The main themes are reported and quotes that illustrate these themes were selected. Each quotation is identified by a respondent number for the dietitians (D#), quotations of the older adults are identified with the age, gender and setting of the respondent.


Seven main themes related to the research questions could be identified from the interviews, which could be grouped into three topics: barriers for treating undernutrition in older adults (3 themes), current dietetic treatment (2 themes), and new strategies to complement current treatment (2 themes). The results are presented in this order.

Barriers for treating undernutrition in older adults

Theme 1: Loss of appetite and physical limitations in older adults

Decreased appetite and physical limitations of older adults were mentioned as barriers to comply with dietetic counselling. Both the dietitians and the older adults reported a decreased appetite within older adults leading to a decreased intake. Some of the older adults mentioned that they eat because they know they have to, or because their partner or children want them to eat.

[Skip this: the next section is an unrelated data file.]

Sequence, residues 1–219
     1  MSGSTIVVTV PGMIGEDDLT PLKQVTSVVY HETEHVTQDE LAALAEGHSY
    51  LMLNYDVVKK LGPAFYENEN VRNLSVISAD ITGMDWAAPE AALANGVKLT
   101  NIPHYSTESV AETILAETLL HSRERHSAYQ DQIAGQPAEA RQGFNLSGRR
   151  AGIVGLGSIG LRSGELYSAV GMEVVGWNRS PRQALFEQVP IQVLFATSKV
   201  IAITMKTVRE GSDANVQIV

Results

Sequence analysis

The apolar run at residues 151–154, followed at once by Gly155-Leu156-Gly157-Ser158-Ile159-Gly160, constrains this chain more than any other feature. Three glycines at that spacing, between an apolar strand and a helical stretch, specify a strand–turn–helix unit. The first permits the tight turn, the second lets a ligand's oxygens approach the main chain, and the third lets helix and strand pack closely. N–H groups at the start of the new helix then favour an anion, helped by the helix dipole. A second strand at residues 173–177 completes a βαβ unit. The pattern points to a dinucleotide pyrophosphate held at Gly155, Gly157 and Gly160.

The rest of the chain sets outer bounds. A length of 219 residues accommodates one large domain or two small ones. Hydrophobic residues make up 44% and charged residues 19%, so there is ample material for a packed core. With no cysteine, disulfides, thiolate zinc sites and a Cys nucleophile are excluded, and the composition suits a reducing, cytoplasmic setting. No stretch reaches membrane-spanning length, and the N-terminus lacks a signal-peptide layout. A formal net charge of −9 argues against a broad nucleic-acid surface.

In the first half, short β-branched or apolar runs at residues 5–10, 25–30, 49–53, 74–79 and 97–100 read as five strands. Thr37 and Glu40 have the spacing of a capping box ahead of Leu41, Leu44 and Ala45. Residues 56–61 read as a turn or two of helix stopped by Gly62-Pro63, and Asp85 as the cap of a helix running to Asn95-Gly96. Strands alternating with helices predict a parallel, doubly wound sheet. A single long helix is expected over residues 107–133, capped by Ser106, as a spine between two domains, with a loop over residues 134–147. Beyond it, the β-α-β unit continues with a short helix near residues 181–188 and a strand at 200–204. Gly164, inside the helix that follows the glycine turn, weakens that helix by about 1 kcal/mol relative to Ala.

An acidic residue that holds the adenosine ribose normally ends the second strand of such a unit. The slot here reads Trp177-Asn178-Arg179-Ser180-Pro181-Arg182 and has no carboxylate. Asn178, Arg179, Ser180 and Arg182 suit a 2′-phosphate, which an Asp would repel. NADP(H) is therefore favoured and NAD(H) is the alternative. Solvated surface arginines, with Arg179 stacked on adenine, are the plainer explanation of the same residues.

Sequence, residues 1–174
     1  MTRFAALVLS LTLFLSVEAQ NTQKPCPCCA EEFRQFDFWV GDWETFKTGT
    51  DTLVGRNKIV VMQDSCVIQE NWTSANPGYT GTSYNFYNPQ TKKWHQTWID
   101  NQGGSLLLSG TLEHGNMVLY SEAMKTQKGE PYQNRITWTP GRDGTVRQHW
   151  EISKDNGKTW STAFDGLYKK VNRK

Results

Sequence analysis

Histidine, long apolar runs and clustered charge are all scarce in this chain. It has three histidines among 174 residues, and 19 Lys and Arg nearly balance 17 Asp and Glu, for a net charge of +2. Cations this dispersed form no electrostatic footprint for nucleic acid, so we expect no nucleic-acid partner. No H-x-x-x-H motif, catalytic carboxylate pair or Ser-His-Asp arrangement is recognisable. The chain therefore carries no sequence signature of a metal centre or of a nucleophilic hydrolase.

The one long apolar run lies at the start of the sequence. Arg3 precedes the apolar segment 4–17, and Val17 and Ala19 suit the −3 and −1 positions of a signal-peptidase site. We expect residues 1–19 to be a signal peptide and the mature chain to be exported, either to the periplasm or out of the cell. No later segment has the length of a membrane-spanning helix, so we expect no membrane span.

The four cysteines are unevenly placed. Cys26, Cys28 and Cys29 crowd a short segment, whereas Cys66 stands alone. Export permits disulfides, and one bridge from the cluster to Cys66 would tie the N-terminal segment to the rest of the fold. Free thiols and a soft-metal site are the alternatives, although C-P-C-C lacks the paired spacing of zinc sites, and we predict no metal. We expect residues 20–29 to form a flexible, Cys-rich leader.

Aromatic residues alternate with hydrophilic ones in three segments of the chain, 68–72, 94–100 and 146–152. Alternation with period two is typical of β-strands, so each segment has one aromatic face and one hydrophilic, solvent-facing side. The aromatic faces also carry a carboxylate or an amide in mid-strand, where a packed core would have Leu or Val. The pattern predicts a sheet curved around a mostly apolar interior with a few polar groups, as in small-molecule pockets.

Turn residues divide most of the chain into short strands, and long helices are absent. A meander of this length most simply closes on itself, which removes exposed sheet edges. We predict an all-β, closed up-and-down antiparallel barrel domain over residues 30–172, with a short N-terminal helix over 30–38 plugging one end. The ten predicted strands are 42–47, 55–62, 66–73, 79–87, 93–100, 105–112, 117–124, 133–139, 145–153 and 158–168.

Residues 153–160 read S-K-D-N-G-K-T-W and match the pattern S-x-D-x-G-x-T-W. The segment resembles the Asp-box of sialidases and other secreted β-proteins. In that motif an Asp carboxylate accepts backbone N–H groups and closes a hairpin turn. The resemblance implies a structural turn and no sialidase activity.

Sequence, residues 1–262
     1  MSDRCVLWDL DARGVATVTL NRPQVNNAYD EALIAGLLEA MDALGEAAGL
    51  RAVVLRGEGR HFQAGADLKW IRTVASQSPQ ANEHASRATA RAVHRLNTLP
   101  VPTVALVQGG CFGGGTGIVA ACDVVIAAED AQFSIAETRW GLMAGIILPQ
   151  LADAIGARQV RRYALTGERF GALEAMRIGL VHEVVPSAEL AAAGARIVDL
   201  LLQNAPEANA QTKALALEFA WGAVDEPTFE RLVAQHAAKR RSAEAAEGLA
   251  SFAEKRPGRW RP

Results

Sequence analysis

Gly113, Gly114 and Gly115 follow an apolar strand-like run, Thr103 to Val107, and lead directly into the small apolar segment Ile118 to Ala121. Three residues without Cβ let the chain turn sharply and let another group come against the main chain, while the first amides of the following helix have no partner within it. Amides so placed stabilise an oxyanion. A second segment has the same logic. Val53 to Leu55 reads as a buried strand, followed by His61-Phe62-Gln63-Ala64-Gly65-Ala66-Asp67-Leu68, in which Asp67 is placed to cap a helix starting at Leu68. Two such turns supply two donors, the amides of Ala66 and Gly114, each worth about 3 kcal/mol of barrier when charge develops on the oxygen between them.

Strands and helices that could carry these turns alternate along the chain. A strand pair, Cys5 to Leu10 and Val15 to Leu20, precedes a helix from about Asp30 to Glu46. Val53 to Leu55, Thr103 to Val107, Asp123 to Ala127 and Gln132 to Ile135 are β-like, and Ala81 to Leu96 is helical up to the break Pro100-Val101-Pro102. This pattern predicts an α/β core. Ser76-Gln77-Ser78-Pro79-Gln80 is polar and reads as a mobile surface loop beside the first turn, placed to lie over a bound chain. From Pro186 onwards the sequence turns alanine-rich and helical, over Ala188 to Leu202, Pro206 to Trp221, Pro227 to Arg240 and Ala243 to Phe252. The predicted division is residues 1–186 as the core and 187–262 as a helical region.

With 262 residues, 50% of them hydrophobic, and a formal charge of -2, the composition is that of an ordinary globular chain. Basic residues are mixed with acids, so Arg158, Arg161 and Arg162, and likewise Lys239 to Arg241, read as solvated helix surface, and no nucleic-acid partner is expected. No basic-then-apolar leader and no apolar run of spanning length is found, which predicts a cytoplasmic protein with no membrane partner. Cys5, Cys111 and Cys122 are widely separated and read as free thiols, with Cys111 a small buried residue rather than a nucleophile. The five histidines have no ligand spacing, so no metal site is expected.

“I used to eat when I was hungry, and that was okay. Nowadays I have no appetite and as a result everything is less tasty.” [man, 92 years, home]

“I don’t feel hungry, but I have to eat five slices of bread a day. That’s just a law, or a law.. well, you just really need to eat, right?” [man, 68 years, hospital]

Physical limitations were also an important barrier for complying with nutritional recommendations. Dietitians mentioned that it is too exhausting for many older adults to buy groceries and to cook a hot meal like they used to do. Switching to ready to eat meals that are delivered at home were mentioned as possible solutions. However, these meals are not always very well appreciated or the older adults use one meal for two days, which is not the intention.

“We always said that when people start with Meals on Wheels that they become undernourished within half a year.[…] older people do not order seven meals a week, but only three or four meals a week, and eat two days from one portion.” [D7]

Theme 2: Low awareness and knowledge among older adults on undernutrition

Dietitians mentioned that their older clients do not think of themselves as being undernourished. They have to educate older adults about undernutrition and its health consequences. The dietitians said that some of their older clients think that weight loss is positive and nothing to worry about at their age. Moreover, according to dietitians, older adults think eating less and losing weight is a normal consequence of ageing and their lower physical activity pattern.

“What I often hear is that they feel like they eat enough and they don’t need that much, because they don’t do that much anymore.” [D6]